V. Social.—Germany was at this time composed of divers kingdoms, principalities, electorates, duchies, ecclesiastical states, and imperial cities, subject to the different reigning houses of Hapsburg, Hohenzollern, Wittelsbach, and Oldenburg. It is therefore manifest that there could not be the same cohesion as in France, but much diversity and rivalry in social life and institutions, which also made for a corresponding diversity in artistic development. The Middle Ages had come to an end. The Holy Roman Empire was no longer predominant. Feudalism began to disappear ; gunpowder changed military methods, and bands of mercenaries often replaced feudal troops. There were also various internal influences at work, such as the power of the great trading towns of the Hanseatic League, the position of the Guilds in civic government, and the attempt of the peasants to secure political freedom. The principal Renaissance factor was the influence of the universities, notably of Heidelberg, the chief seat of the Humanist movement. This was further strengthened by the invention of printing, while in the eighteenth century the literary works of Winckelmann, Goethe, and others aroused interest in the architecture of ancient Greece.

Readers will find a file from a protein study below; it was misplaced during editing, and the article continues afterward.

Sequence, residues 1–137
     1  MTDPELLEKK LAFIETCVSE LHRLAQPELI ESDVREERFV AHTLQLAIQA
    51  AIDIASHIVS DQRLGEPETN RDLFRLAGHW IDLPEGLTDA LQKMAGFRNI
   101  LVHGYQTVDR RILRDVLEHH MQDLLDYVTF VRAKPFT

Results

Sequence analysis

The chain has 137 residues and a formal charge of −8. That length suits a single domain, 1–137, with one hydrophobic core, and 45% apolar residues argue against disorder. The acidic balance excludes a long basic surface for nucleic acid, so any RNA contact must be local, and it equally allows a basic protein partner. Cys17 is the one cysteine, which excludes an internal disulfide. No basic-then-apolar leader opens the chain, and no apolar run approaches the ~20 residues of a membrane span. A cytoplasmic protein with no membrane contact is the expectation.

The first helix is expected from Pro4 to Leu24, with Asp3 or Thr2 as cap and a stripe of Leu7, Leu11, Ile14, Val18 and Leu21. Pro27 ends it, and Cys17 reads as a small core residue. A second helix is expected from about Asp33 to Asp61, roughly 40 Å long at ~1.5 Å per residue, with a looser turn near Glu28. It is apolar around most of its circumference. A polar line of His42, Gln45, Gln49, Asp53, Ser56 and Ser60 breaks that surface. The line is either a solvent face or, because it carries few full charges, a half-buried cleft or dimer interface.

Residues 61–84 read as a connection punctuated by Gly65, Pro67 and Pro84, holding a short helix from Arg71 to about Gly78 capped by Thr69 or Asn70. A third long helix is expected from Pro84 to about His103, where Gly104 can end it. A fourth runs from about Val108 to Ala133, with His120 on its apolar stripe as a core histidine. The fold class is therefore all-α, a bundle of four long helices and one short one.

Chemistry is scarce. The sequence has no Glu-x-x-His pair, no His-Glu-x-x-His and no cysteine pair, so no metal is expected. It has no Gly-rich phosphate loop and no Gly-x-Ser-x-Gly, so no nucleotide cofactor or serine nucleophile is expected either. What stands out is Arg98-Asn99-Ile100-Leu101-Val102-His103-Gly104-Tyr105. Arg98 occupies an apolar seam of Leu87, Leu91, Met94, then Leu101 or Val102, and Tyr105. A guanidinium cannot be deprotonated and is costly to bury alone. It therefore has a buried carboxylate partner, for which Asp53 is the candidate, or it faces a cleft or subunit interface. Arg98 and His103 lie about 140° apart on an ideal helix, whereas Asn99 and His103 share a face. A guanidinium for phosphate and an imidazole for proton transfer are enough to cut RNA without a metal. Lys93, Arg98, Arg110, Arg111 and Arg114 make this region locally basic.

VI. Historical.—The succession of Charles V (Charles I of Spain) to the possessions of the Houses of Castile, Aragon, and Burgundy, as well as to the Low Countries, marks the beginning of German Renaissance. In A.D. 1516 he also obtained the two Sicilies, and on the death of Maximilian in A.D. 1519 he became the most powerful Emperor since Charlemagne. Various invasions by the Turks between the years A.D. 1529 and 1562 further complicated matters in Germany, increased the difficulties of the House of Hapsburg, and were inimical to architectural activities. The wars of Charles V and the Catholics against the Protestant princes (A.D. 1546–55) were brought to an end by the Peace of Augsburg, which allowed each state to set up what religion it pleased, but made no provision for individuals who were of different religion from that of the prevailing government. This resulted in persecutions and culminated in the famous " Thirty Years' War " (A.D. 1618–48) between Catholic and Protestant princes. Christian IV of Denmark and Gustavus Adolphus of Sweden fought on the Protestant side under Frederick, the Elector Palatine, son-in-law of James I of England. France also took part in the war under Cardinals Richelieu and Mazarin, and when the Peace of Westphalia (A.D. 1648) once more provided for religious equality in each state, the war had ruined the position of Germany, depleted her population, and left France the leading nation in Europe. These wars not only arrested the development of architecture during the period of their actual prosecution, but also retarded building activities for some time after the conclusion of peace. In the latter part of the seventeenth century many German princes allied themselves with Louis XIV, until the rise of the House of Hohenzollern, when Frederick the Great was crowned first King of Prussia (A.D. 1701). In the nineteenth century many German princes formed a confederation of the Rhine under Napoleon, and the Kingdom of Germany ceased to exist, until in A.D. 1870 a German Emperor was crowned at Versailles. Since that time German ambition has known no bounds, and has everywhere, whether in politics, commerce, or colonisation, been prosecuted systematically and unscrupulously for her own political aggrandisement, until the Great War of A.D. 1914–19 drenched Europe in blood and once more shattered the position of Germany as a great European power.